Plaintiff assigns as error the entry of the judgment of compulsory nonsuit and a dismissal of the action entered at the close of plaintiff’s evidence.
Defendant states in his brief: “Assume sufficient evidence of negligence to go to the jury. What was the evidence as to contributory negligence?”
Brenda Atwood testified in her behalf in substance, except when quoted, as follows: On 9 February 1964 she was 17 years old. About 9 p.m. on Saturday, 9 February 1964, defendant driving his automobile with a man in it came to where she was living at 106 North Sunset Drive in the city of Winston-Salem, and she left with him in his automobile to join some friends at The Gaslight, where they sell tap beer and pizzas and have a jukebox and dance. The Gaslight is on Fourth Street in Winston-Salem right across from Sears. When they arrived at The Gaslight, she, defendant, and the man with defendant went inside where defendant had a table reserved, and the three of them took a seat at the reserved table. Mary and Nancy Hall, friends of theirs, were seated at a table next to their table. She ordered and drank a small Budweiser beer in a can, and defendant ordered and drank a yard-long beer in a big, long glass. A yard-long beer in a glass is equal to three 12-ounce cans of beer. They danced. She ordered and drank another small Budweiser beer, and did not drink any more after that. Defendant drank three or four more yard-long beers. The man who came to her house with defendant and had been at their table left. Christine Young and a man with her joined them at their table. Christine Young and the man with her were drinking whisky, and Christine Young was drunk. Between 11:00 and 11:30 p.m. she and Christine Young left The Gaslight in defendant’s automobile, with defendant driving. Defendant drove his automobile to Mary Hall’s place on Academy Street. Mary Hall had company, and they did not go in. Defendant’s driving from The Gaslight to Mary Hall’s place “was fine, his driving was all right.” Bennie Benfield got in defendant’s automobile with them on Academy Street, which made four people in the automobile. Defendant then drove his automobile to Fourteenth Street, where defendant and Benfield got out, went upstairs in a house, and got two pints of whisky. Defendant’s driving from Academy Street to Fourteenth Street was all right. Defendant drove from Fourteenth Street to Liberty Street, and went up it towards the airport. She told defendant she wanted to go home, because they were getting ready to open the bottles of whisky. At that time they were on Liberty Street at Lowe’s Hardware. Defendant stopped his automobile there to turn around. Defendant got mad, accused her of having a *725late date at her home, said he would take her home, mashed his gas pedal all the way to the floor, and “took off” back up Liberty Street. She told him to slow down, but he did not until he got almost to the curve on Liberty Street. Defendant went into the curve sliding, and at that time “he was going about 75 or 80, I guess.” When defendant started sliding on the right side of the street, she saw the headlights of an approaching automobile, which was right in front of The Ponderosa Pine. Then defendant cut back across the road, and his automobile hit a pole. She was knocked unconscious. Defendant’s driving was at a normal rate of speed and fine before he got mad and pushed his gas pedal to the floor. During the trial it was stipulated that the speed limit at the time and place of the wreck was 35 miles an hour.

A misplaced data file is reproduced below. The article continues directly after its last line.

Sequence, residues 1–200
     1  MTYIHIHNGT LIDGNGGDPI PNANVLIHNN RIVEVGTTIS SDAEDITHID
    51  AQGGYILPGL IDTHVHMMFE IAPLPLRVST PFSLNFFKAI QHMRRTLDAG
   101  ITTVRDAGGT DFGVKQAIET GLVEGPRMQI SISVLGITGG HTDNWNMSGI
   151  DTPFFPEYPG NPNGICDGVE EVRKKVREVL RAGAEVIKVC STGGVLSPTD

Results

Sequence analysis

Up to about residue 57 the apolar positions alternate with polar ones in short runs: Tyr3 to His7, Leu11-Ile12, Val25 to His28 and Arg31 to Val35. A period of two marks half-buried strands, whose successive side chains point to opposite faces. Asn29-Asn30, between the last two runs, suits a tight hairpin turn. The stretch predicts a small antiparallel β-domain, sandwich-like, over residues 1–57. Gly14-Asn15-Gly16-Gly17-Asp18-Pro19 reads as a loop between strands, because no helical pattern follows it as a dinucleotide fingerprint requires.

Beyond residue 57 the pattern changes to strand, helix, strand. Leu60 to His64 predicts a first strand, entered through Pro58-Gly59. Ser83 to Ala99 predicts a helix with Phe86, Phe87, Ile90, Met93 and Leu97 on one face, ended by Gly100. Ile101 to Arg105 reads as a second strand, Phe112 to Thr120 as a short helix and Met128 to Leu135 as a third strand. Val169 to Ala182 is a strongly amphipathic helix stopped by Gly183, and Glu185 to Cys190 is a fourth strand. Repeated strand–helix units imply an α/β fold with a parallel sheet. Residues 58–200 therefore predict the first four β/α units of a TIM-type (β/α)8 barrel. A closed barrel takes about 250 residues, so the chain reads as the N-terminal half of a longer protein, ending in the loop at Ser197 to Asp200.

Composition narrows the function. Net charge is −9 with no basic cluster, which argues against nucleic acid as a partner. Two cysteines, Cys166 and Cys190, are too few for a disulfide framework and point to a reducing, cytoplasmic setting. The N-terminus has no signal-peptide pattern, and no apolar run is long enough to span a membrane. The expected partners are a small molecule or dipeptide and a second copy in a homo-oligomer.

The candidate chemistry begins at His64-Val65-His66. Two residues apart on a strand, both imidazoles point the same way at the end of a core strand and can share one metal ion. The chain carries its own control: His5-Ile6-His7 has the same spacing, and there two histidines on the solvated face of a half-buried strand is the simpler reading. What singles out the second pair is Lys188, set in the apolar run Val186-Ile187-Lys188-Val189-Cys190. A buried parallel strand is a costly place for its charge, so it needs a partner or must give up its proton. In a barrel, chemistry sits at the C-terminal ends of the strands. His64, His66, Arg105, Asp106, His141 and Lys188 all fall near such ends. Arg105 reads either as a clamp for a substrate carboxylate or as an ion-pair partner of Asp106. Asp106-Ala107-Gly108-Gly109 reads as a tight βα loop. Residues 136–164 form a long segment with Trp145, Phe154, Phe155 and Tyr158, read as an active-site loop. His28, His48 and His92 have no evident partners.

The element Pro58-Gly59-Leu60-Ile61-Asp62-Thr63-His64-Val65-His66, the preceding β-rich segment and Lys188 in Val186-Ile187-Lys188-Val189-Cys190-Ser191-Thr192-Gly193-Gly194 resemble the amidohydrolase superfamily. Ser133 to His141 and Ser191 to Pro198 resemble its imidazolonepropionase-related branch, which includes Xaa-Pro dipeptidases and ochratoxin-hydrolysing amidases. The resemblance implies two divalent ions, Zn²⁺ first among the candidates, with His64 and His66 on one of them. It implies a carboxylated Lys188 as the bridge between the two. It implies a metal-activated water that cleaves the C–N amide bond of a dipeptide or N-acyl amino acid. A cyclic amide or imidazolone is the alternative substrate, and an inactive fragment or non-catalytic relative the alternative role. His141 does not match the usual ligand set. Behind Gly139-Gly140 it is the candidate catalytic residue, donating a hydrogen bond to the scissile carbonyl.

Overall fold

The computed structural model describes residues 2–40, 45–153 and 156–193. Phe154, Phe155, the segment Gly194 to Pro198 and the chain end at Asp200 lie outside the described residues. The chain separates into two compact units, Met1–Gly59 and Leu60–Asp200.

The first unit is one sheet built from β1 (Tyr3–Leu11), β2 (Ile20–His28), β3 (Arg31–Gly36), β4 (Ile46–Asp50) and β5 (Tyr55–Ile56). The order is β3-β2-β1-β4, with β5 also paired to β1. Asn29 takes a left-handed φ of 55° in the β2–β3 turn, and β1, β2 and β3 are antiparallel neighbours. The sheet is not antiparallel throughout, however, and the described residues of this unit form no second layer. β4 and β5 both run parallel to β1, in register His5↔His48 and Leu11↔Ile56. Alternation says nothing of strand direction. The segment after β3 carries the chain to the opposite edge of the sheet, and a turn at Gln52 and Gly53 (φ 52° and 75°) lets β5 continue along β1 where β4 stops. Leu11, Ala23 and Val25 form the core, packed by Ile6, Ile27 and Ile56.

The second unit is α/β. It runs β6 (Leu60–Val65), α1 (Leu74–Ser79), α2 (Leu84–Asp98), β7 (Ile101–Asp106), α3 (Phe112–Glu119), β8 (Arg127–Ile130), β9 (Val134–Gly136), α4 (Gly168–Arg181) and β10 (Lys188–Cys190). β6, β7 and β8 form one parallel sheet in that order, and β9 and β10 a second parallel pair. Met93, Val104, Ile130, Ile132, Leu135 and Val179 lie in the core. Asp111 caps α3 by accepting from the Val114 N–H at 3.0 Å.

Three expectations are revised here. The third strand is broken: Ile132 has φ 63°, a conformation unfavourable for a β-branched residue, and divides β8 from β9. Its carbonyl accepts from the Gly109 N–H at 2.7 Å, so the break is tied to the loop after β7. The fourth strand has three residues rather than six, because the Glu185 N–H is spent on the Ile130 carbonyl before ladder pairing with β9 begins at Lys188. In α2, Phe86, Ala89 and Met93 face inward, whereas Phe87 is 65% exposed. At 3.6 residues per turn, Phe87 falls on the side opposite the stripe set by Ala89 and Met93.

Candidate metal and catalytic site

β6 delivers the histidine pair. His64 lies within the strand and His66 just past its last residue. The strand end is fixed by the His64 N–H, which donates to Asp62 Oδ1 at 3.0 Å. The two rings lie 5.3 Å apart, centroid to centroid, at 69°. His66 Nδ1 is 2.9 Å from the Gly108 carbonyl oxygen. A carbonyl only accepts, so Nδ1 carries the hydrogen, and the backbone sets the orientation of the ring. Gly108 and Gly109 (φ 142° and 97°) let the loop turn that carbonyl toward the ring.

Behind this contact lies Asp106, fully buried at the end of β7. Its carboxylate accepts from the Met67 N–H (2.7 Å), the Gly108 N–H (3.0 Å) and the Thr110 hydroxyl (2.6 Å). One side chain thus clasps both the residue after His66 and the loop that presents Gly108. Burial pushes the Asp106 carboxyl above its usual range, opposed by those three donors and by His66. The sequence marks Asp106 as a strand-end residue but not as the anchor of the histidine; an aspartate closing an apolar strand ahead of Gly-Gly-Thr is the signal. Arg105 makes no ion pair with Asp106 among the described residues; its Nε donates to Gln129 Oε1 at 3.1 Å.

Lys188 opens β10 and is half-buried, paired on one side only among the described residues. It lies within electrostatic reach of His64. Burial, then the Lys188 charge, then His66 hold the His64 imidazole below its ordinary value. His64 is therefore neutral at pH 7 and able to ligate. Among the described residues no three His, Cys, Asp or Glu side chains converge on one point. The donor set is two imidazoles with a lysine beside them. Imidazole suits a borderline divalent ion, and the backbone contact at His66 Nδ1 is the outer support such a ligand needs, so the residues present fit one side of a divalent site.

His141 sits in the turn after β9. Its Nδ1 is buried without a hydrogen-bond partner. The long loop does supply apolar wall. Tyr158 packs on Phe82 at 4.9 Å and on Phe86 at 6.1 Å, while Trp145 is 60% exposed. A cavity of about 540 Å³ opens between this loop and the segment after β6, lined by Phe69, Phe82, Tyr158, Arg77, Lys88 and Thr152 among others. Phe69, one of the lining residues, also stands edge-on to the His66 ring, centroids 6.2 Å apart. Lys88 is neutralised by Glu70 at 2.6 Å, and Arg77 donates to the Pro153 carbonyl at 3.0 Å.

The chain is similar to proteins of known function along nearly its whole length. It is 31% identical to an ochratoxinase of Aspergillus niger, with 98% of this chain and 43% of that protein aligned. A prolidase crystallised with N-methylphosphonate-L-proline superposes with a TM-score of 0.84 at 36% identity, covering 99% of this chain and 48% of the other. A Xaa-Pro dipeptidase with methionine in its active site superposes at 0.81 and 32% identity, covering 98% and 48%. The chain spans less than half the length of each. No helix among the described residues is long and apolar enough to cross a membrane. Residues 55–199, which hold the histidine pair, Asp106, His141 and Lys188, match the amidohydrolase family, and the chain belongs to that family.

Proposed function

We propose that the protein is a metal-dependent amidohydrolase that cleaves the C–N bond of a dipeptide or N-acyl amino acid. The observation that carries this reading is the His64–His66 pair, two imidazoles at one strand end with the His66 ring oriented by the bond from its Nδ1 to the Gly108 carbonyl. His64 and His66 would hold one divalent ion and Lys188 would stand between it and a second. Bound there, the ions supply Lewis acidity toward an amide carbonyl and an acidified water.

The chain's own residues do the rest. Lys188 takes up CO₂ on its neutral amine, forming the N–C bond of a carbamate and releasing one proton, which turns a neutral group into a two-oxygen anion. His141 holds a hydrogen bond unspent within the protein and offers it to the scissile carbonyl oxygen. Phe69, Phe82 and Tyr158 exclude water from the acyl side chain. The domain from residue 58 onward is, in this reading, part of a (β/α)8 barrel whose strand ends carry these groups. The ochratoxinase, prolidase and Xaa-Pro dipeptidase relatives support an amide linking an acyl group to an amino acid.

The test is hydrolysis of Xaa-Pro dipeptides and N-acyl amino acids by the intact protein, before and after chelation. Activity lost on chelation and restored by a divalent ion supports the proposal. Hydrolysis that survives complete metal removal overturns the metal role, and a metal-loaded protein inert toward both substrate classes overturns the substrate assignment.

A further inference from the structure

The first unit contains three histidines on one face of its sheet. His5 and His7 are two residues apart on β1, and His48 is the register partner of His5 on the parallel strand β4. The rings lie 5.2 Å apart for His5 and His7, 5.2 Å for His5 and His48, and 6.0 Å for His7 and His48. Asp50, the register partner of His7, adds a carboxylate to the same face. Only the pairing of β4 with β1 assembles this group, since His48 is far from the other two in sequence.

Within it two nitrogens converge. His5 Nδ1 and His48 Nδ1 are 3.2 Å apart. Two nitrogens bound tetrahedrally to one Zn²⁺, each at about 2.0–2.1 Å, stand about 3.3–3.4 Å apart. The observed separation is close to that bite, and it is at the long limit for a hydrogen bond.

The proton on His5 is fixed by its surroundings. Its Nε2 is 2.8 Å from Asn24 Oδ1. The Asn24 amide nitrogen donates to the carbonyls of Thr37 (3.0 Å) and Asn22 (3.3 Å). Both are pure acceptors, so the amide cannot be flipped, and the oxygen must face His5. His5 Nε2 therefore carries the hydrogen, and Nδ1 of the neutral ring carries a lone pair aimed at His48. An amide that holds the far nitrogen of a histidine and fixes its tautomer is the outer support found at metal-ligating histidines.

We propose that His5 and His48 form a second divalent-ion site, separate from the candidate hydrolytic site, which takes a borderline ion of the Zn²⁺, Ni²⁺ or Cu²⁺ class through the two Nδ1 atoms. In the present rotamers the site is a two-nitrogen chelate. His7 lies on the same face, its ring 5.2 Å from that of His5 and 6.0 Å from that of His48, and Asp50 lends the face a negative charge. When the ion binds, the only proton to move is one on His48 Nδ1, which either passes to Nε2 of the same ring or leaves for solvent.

Defendant was driving his Chevrolet Corvette. Brenda Atwood testified on cross-examination: “It is a small two-seated sports car. In that car there are two bucket seats, one for the driver and one for a passenger, and in between those two seats you have a hump built up on the floor, a console. . . . During the course of that ride all over the city of Winston-Salem on that night, the four of us were in that car all the time together. Christine Young was real drunk; she wasn’t flopping over on me; she was leaning against the door; she did not fall over on me. . . . After defense counsel asked me those questions on that prior examination, my attorney Mr. Hall, who is associated with Mr. Hatfield and Mr. Allman, asked me questions. Mr. Hall asked me if Ronnie Holland appeared to be intoxicated when Christine and Holland and I left The Gaslight in his Corvette, and I said yes, that when we danced he’d step on my toes and, you know, would fall against me; that he was almost too tipsy to dance. That was my answer, and that is correct. He acted that way while we were on the dance floor. It was a real small dance floor and a lots of couples. When we got outside he didn’t stagger or anything. I am not saying, now, that he was drunk inside but was not drunk outside.” She testified on recross-examination: “I was sitting there squeezed in between Benfield on one side, on the passenger’s side, and Ronnie Holland on the other side. I had my legs over to one side; I had them on the side Christine was sitting on, on my right leg. My legs and Christine’s legs and Ben-field’s legs were all in one compartment over there.”